He'll never sit quietly through all that, I predicted. I couldn't have been more wrong.
Well, my estimation of the time and effort it would take to get through the editor's changes, questions, and instructions turned out to be woefully light. I figured I could do it over a weekend. Instead, I started working on it when it arrived the Thursday before last, got into it seriously last Saturday, and finished only last night -- two half days plus a week of 8 - 12 hours a day grind. But finished it is! Now it's the publisher's turn to examine my work and decide what, if anything, additional needs to be revised before the wording is deemed final.
So what are the changes? If you count raw numbers, the vast majority were minor formatting or style adjustments, for instance undoing italics which the editor felt I had overused. I didn't quibble with (hardly) any of those. There were some word choice changes and minor sentence restructuring, all of which I agreed with. There were some questions where I made minor revisions to clarify points the editor found vague or ambiguous.
And then there were some overhauls. Not many, none that fundamentally altered the story or any scene, but substantial nonetheless. I posted previously the addition I made to raise the profile of Michael's resurrected cat. He also had me enhance the presentation of Vicki early in the book. He had me intensify the roots of Michael's water phobia. He had me trim passages that had some importance but were not essential to the plot. And he had me elaborate on things like the island rescue plan, which he felt was not spelled out well enough in advance.
Being a graduate of Arizona State University, he aslo had me alter a few of my descriptions of that state. Working on those made me tremble in fear about the problems he would call out in the Texas section, as that's where the publisher is located. Miraculously, there were none. :)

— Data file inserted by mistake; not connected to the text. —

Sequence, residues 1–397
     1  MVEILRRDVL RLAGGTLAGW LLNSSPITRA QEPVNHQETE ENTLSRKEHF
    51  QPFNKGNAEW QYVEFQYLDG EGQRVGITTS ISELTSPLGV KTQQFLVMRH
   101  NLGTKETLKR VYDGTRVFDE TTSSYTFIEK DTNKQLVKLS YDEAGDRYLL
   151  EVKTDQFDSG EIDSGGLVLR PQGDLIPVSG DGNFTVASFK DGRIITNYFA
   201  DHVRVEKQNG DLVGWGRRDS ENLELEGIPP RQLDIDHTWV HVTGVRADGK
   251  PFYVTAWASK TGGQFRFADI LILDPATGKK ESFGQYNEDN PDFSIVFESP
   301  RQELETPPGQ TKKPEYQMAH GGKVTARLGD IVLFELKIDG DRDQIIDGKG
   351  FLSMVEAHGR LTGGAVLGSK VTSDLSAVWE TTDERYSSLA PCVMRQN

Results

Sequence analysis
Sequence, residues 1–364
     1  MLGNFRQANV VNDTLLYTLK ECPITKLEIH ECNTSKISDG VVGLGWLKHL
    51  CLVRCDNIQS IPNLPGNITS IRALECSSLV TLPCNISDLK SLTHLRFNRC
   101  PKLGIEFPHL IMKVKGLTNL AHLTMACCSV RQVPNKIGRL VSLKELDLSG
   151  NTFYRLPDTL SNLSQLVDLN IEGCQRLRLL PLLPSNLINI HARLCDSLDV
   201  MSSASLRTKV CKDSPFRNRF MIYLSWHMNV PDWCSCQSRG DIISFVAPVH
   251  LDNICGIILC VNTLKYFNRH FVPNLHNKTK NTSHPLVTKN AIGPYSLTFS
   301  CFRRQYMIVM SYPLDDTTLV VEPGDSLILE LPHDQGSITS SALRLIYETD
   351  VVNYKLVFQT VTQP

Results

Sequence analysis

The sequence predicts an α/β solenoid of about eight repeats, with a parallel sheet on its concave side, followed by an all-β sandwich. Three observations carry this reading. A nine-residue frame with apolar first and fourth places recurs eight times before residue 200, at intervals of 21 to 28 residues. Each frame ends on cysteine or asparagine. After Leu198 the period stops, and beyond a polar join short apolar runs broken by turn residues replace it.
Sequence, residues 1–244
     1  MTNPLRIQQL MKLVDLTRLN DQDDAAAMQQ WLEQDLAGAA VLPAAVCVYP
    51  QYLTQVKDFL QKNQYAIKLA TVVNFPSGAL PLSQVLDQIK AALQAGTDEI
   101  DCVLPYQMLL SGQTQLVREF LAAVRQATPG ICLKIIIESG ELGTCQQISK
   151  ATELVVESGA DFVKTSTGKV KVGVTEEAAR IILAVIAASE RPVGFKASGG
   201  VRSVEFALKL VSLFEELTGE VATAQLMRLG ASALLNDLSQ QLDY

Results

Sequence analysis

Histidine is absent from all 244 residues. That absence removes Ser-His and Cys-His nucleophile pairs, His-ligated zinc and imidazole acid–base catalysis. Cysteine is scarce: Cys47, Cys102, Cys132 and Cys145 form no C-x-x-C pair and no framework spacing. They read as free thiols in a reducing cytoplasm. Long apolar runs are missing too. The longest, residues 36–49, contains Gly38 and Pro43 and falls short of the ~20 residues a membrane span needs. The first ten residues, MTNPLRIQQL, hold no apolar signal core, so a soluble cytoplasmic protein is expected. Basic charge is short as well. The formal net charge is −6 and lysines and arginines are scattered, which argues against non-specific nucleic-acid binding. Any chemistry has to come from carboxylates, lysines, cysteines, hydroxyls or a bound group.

All of these changes were improvements. I had some trepidation when the publisher told me the overall length needed to be addressed, which was before the editor read the book. As it turned out, it will be about the same length as the original. Apparently the editor felt, having read it thoroughly, that the length was justified. I had been prepared for some serious cutting, and it was a relief not to have to go into things that invasively. If a book is good I prefer a long one to a short one, and it's gratifying to know the editor felt it was worth the extra printing cost to tell the story as I wrote it.
I had been particularly worried about edits to the Boston section, which started as one convoluted chapter about Dan Hendrick's physics theory but expanded to three chapters to clarify points my readers group found confusing. He'll never sit quietly through all that, I predicted. I couldn't have been more wrong. The editor loved it, making practically no changes through that entire section. Having worked that material to death during the writing process, I wasn't looking forward to another round. The editor's happy assessment took me totally by surprise.
The editor made his notes as he was reading, reflecting his impressions from a first-time reader's perspective. That was critical, because knowing the whole story blinded me to some ambiguities. He got frustrated at certain points, mostly the same ones as my readers group, but like them, by the end of the book he felt they had been satisfactorily resolved. I'm content with those frustrations so long as the reader feels satisfied once the veils come down. I knew there was risk in hiding answers readers would be pining for, but I felt it necessary in order to reward them with a gratifying sense of triumph by the end.
There is one outstanding issue. The editor wanted the nature of Charlie Paris to be disclosed earlier than it was. Looking for ways to do this, I wasn't able to come up with an approach I felt would improve the book more than damage it. I've laid out my reasons in the returned document, and I'll go with whatever the editor decides.
It was exhausting and sometimes emotionally painful to go through 600 pages of questions, changes, and criticism. But it was appropriate and necessary, and it gave me the sense of being a "real" author for the first time. While the process was taxing, it was humbling and inspiring to have a professional editor take so mucn time and effort with my work. It's a better book for it, no doubt. I can't wait to see it finalized and out the door so people can see the improvements first-hand. :) - Mark